- 1. The dried ripe seeds of Brassica alba (white m.) and B. nigra (black m.) (family Cruciferae). 2. SYN: m. gas. [O.Fr. moustarde, fr. L. mustum, must]- black m. the dried ripe seed of Brassica nigra or of B. juncea; it is the source of allyl isothiocyanate; it contains sinigrin (potassium myronate); myrosin; sinapine sulfocyanate; erucic, behenic, and synapolic acids; and fixed oil; a prompt emetic, a rubefacient, and a condiment.- m. chlorohydrin SYN: hemisulfur m..- hemisulfur m. an antineoplastic agent. SYN: m. chlorohydrin, semisulfur m..- nitrogen mustards (HN2) compounds of the general formula R— N(CH2CH2C1) the prototype is HN-2 nitrogen m., mechlorethamine, in which R is CH3. Some have been used therapeutically for their destructive action upon lymphoid tissue in lymphosarcoma, leukemia, Hodgkin disease, and certain other cancers; most are blister agents. SEE ALSO: mechlorethamine hydrochloride.- semisulfur m. SYN: hemisulfur m..- uracil m. uracil m..- white m. the ripe seeds of Brassica (Sinapis) alba; less pungent than black m., but with the same constituents and uses.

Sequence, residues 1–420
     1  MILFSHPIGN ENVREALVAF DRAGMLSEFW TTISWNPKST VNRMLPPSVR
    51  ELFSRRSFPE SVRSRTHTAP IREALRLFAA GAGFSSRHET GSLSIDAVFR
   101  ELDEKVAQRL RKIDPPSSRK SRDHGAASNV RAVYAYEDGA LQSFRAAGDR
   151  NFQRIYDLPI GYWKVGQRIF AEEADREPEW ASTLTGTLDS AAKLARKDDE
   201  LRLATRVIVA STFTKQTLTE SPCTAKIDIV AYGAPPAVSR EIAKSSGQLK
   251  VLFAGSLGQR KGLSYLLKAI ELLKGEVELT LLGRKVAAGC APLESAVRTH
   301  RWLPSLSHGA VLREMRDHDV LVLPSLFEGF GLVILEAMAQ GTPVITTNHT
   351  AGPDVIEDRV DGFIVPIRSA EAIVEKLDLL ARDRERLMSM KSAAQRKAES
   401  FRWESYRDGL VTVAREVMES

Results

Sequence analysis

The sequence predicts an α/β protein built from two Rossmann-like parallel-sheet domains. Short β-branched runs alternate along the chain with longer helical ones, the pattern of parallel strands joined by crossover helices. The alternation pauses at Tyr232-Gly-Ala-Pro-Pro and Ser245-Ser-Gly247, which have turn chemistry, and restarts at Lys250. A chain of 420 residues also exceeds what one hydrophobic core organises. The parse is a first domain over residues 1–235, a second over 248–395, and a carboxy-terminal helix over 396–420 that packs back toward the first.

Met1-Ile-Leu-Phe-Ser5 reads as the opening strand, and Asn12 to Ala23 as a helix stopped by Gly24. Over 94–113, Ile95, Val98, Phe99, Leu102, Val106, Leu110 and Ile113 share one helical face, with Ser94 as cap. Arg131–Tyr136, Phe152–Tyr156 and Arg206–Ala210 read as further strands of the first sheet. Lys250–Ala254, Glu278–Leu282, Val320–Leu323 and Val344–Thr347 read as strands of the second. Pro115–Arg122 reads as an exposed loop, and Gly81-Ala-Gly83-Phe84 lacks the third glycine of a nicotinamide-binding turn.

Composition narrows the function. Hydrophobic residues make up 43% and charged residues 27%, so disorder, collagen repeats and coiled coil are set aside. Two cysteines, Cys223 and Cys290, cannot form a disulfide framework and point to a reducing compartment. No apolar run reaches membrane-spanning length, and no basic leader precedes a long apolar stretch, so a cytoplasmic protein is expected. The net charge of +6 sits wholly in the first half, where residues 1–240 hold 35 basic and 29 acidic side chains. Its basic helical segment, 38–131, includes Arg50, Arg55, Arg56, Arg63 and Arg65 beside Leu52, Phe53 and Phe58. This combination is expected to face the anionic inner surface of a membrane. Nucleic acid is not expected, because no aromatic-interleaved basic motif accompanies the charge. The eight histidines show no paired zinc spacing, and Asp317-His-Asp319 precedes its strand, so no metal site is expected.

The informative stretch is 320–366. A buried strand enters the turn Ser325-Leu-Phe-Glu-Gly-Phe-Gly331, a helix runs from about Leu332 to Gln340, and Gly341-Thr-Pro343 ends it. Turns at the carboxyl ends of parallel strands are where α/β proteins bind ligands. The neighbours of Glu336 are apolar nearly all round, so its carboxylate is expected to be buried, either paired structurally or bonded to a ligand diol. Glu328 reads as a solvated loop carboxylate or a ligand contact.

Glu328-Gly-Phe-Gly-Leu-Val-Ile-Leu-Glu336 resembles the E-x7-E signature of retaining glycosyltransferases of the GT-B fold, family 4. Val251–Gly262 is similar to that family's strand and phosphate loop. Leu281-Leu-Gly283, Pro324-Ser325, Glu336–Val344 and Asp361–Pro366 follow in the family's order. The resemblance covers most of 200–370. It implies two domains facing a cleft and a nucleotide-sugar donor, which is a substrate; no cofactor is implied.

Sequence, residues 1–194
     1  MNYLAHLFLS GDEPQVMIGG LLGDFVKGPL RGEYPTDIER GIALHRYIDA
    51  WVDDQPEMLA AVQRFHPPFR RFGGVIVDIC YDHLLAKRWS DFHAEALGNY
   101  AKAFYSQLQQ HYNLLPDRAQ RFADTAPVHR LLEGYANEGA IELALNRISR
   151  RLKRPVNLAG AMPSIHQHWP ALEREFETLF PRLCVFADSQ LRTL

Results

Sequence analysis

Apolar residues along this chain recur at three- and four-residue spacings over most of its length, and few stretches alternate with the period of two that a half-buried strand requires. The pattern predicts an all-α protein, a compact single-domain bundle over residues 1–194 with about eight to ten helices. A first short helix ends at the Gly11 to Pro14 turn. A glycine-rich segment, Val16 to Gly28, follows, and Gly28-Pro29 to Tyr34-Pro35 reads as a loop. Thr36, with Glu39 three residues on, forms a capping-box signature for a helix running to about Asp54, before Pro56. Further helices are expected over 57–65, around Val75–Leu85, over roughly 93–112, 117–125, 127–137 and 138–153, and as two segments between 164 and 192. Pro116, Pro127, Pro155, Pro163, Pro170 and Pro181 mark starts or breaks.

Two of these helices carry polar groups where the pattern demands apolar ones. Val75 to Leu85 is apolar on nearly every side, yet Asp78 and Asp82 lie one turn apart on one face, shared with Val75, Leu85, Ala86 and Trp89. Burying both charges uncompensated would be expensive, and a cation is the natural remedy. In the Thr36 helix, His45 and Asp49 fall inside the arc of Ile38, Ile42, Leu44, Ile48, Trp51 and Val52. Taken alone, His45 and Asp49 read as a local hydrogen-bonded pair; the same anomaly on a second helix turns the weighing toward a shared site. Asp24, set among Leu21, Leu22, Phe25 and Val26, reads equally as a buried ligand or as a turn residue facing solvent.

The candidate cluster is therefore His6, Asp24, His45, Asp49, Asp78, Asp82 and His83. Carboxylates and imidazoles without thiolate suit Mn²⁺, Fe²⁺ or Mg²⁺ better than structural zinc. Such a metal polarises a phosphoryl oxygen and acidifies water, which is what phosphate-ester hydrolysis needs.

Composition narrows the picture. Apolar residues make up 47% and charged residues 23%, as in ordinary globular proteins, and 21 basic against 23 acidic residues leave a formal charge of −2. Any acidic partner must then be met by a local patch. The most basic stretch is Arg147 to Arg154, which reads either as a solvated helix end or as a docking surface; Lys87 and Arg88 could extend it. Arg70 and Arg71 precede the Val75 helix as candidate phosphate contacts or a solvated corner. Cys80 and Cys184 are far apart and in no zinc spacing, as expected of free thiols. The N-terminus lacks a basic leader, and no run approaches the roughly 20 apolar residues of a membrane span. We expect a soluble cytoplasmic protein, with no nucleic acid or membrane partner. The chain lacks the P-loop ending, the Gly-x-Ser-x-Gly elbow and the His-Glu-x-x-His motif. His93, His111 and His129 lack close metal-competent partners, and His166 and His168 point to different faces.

* * *mus·tard 'məs-tərd n1) a pungent yellow condiment consisting of the pulverized seeds of the black mustard or sometimes the white mustard either dry or made into a paste and serving as a stimulant and diuretic or in large doses as an emetic and as a counterirritant when applied to the skin as a poultice2) any of several herbs (genus Brassica of the family Cruciferae, the mustard family) with lobed leaves, yellow flowers, and linear beaked pods see BLACK MUSTARD (1), WHITE MUSTARD3 a) MUSTARD GASb) NITROGEN MUSTARD
* * *mus·tard (musґtərd) [L. sinapis] 1. any of several plants of the genus Brassica. 2. the ripe seeds of black mustard or white mustard; when they are crushed and moistened, volatile oils are liberated that are responsible for the counterirritant, stimulant, and emetic properties of mustard. 3. resembling, or something resembling, mustard in one or more of its properties; e.g., mustard gas, named for its odor.
Medical dictionary. 2011.